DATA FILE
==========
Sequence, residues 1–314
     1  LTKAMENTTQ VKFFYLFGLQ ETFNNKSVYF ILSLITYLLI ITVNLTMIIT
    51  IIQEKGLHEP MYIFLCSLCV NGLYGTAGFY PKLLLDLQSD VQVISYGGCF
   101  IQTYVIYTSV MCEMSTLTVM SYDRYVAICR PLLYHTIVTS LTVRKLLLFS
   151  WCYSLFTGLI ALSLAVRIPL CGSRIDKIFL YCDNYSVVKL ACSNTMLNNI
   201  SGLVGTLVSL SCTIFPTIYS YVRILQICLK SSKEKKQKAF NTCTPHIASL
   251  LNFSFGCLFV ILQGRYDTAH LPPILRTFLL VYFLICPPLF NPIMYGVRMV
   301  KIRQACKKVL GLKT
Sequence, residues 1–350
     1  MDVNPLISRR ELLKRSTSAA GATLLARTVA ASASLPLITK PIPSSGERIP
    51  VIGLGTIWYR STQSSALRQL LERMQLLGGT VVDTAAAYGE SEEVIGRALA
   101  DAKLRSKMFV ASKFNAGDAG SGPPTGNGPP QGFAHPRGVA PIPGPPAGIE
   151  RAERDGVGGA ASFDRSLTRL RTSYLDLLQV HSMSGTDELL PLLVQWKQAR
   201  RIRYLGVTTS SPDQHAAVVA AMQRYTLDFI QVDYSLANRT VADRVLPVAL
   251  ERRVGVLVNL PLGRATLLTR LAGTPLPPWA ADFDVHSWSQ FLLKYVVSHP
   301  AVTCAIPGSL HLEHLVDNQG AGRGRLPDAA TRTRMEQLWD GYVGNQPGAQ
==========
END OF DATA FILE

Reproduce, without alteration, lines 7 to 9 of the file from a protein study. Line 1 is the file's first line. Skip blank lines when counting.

   251  LNFSFGCLFV ILQGRYDTAH LPPILRTFLL VYFLICPPLF NPIMYGVRMV
   301  KIRQACKKVL GLKT
Sequence, residues 1–350